An anemometer can, for example, measure the wind speed. If you know this, a better calculation can be made on the amount of energy needed to get from A to B with the given resistance. The same applies to the slope, for which you could use a gyroscope.
This data is forwarded to a Mendix application in which the calculations take place.
Limiting the cycling speed of Speed-Pedelecs
Speed-Pedelecs are electric bicycles that are allowed to cycle up to 45 km / h. They are covered by the moped law. Because users of these speed pedelecs find the regulations too dangerous for this bike, a solution has to be found.
"Using geofencing and object detection can influence the speed of a speed pedelec."
One solution may be that speed pedelecs are allowed to cycle 45 km / h, but that they could be automatically limited in the city- this can be achieved with the help of geofencing. The digital delineation of an area and if, for example, a bicycle is located within that area, would result in a signal to limit the motor speed.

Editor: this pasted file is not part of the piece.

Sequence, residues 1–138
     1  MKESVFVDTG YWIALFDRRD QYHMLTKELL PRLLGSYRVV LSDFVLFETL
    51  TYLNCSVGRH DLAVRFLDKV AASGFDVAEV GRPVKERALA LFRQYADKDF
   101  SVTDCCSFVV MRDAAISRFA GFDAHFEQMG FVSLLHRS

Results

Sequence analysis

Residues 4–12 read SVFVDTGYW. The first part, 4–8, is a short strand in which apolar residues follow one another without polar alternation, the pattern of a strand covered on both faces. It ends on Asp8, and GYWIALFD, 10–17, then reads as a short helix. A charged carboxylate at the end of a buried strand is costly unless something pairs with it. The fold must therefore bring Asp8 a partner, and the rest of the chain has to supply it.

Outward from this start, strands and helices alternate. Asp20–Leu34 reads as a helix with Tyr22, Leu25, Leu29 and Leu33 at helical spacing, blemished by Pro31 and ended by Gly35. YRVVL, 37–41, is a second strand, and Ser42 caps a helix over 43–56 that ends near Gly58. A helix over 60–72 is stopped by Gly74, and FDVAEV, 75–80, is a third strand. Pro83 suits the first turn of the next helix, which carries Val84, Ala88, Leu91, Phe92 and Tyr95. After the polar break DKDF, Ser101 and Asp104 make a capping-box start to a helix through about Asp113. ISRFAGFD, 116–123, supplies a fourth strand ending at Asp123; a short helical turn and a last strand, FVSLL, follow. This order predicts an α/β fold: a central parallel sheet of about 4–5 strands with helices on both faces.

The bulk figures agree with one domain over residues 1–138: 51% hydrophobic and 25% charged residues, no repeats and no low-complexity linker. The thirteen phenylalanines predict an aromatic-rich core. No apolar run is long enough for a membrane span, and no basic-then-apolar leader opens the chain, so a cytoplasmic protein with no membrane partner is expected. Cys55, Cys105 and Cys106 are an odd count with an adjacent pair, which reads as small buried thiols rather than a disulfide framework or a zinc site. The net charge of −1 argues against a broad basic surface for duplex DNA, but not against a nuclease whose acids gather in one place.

In addition, sensors could be used to detect objects in front of the cyclist such as other cyclists, pedestrians, pets, etc. The bicycle can also be limited when it detects an object moving in front of it. Do you want to catch up with three children who are cycling to school with your speed pedelec? That is not very safe with 45 km / h. Thus, you could automatically limit the bike to a speed of up to 15 km / h faster than the object to be overtaken.